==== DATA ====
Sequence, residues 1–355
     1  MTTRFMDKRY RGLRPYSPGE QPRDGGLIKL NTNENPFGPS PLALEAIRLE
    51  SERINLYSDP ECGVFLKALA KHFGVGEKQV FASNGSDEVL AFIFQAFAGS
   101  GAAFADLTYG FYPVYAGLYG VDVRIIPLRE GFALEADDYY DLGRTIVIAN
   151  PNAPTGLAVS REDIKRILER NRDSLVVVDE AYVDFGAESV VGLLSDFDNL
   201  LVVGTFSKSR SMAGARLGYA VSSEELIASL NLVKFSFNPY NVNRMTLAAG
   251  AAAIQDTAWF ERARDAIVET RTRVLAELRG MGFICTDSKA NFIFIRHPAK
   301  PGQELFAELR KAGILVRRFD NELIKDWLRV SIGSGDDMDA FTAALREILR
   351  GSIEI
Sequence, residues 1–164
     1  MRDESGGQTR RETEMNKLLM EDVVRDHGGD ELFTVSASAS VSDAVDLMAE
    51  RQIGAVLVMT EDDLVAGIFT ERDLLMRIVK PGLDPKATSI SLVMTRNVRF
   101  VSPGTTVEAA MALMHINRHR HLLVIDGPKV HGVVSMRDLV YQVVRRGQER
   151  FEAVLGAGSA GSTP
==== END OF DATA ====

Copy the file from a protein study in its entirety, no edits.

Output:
Sequence, residues 1–355
     1  MTTRFMDKRY RGLRPYSPGE QPRDGGLIKL NTNENPFGPS PLALEAIRLE
    51  SERINLYSDP ECGVFLKALA KHFGVGEKQV FASNGSDEVL AFIFQAFAGS
   101  GAAFADLTYG FYPVYAGLYG VDVRIIPLRE GFALEADDYY DLGRTIVIAN
   151  PNAPTGLAVS REDIKRILER NRDSLVVVDE AYVDFGAESV VGLLSDFDNL
   201  LVVGTFSKSR SMAGARLGYA VSSEELIASL NLVKFSFNPY NVNRMTLAAG
   251  AAAIQDTAWF ERARDAIVET RTRVLAELRG MGFICTDSKA NFIFIRHPAK
   301  PGQELFAELR KAGILVRRFD NELIKDWLRV SIGSGDDMDA FTAALREILR
   351  GSIEI
Sequence, residues 1–164
     1  MRDESGGQTR RETEMNKLLM EDVVRDHGGD ELFTVSASAS VSDAVDLMAE
    51  RQIGAVLVMT EDDLVAGIFT ERDLLMRIVK PGLDPKATSI SLVMTRNVRF
   101  VSPGTTVEAA MALMHINRHR HLLVIDGPKV HGVVSMRDLV YQVVRRGQER
   151  FEAVLGAGSA GSTP